Some might label it acoustic hip-hop soul, others could call it a deft blend of beats and unplugged instrumentation, The Chicago Sun Times christened the band a slick cross section between “Digable Planets and Jack Johnson,” while On Tap attempted to identity them as “Outkast or the Neptunes…throw in a guitar and more beat boxing, and you might come close.” But no matter what adjectives are put in place, Tennessee-bred/Kansas City-based Scratch Track is an anomaly to the most ambitiously extreme degrees, that is perhaps best left to the words of a New York University reporter who praised the pair as “mind-bending, style-bending and undeniably original.”
Indeed that’s the exact reaction the duo comprised of David “DJ” Lee (singer, beatboxer and songwriter) and Jason “Pistol Boot” Hamlin (singer,guitarist and songwriter) have been gaining since their college beginnings at the top of 2000, which has evolved exponentially thanks to tireless time on the road. In fact, what was once a flurry of campus shows, coffeehouses and clubs soon turned into a arena tour supporting O.A.R., plus prominent opening slots for the boundary breaking likes of The Roots, The Zac Brown Band, George Clinton & Parliament Funkadelic, Jars of Clay, Los Lonely Boys, Erykah Badu, Jurassic 5, Living Colour, Twista, Rehab, Will Hoge, Soulive, DJ Skribble and members of Goodie Mob (to name but a few).
“Our goal from the beginning was to just get on the road and start trucking, and as long as the bills were paid, we were ready to take on whatever challenge the road brought,” reflects Hamlin of Scratch Track’s lengthy lineage. “And sometimes that meant opening for someone at the House of Blues in Chicago and driving through the night to play for ten people at the CBGB in New York. But you build a fan base one person at a time, and we’ve found that most people we’ve met along the way have stuck with us through today.”
Outside of being road dogs, the group’s stayed steady in the studio, starting with 2003′s debut The Simple and moving into the following year’s Unreleased Sessions. Come the tip of 2006, the group dropped the EP Interpretation of the Afterwards, followed by the new full-length The Legend of Wild Bill in 2008. In 2010, Scratch Track released the EP “Sirens” which was co-produced by Micah Wilshire. And in August of 2011, Scratch Track released their 6th album titled Brake Lights which was co-produced by Luke DeJaynes.
“Our music has so many different textures, and as we wrote on the back of the Legend of Wild Bill CD, ‘there are no drums on this album- all instruments performed by Scratch Track,’” muses Lee. “We take pride in the fact that what you hear is exactly who we are and that there are a lot of different vibes that all still gel within our style. Scratch Track is always growing and expanding artisically and sonically. We have experimented some with additional instruments on our most recent recordings and even at our live shows, but the core and backbone of what and who we are is acoustic guitar and beatboxing.”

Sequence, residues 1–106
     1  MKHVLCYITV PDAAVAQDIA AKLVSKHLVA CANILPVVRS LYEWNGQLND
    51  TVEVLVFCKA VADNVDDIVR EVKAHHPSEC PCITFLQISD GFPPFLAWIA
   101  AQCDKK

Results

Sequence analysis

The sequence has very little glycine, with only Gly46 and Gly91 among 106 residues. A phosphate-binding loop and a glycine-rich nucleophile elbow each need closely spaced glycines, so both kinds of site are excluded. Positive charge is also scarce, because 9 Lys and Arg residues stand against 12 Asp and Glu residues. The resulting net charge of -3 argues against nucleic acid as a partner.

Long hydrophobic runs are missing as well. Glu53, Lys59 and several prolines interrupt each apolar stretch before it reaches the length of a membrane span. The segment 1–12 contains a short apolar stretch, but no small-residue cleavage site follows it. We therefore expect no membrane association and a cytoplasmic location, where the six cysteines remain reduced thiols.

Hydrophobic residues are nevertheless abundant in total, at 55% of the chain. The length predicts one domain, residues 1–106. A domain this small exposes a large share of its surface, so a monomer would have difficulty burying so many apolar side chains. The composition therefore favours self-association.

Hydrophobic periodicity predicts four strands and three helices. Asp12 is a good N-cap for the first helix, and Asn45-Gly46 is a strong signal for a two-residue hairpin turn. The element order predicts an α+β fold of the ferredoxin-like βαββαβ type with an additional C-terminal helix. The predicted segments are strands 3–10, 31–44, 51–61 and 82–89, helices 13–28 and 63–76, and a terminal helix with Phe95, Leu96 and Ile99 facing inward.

For Lee, that means a steady diet of classic soul stars like Marvin Gaye, plus electronic innovator Beck, while Hamlin often digs deep into the old school Delta blues, crossed with the raucous riffs of Led Zeppelin and introspection of Tom Waits. Outside of catching on like wildfire with fans, Scratch Track’s catalogue has also permeated literally every facet of pop culture. ”What we’re listening to changes all the time,” Hamlin proudly says. ”One week, it might be Johnny Cash and Black Rebel Motorcycle Club and the next week it might be Jay-Z and Michael Jackson. You never know what we might be listening to.”
The group’s vast resume is loaded with soundtrack slots including “CSI New York,” Warren Miller’s snowboarding film “Off the Grid” and Sony Playstation’s “MLB” video game, along with a prestigious performance credit on the Trick Daddy/Ludacris/Cee-Lo collaboration’s top twenty tune “Sugar (Gimme Some).” Given the enormous success in those mediums, Scratch Track caught the attention of Sonicbids, who wound up choosing the group to embark on tours to entertain America’s Armed Forces (including trips to the UK, Netherlands, Belgium, Germany, France and Japan).
“We support our troops and wanted to really give back to them because they’re always in our minds and hearts,” shares Hamlin. “The least we can do is go over there and show them a good time, plus we can bring a piece of America to them, especially those who’ve been overseas for years.”
Still the group remains closest to the college crowd and is often the center of campus concerts all across the country. Not only do these NACA tour veterans (with over 500 colleges under their belt) and 2006 Campus Activities Magazine “Brightest Rising Star” Award winners find that college audiences to be amongst the most opened minded to indie acts, but they’ll also readily embrace an unpredictable musical melting pot that seems to pervade the iPod generation.
“It doesn’t matter if it’s two hundred, two thousand or twenty thousand people, we just bring out as much energy as we have in us each and every night,” Lee sums up. “We’re at a point in our career where we’re writing the most determined material to date and we’re having a blast pulling it off on stage. Even though we play hundreds of shows a year, we actually believe in what we’re doing so much that the songs never get old. And neither do people’s comments, which range from telling us how refreshing we sound to the fact they can’t believe the sound’s so big with only two people performing. So we get a lot of repeat offenders, but we’ll be back to their city soon to pick up all their friends to join us for the ride.”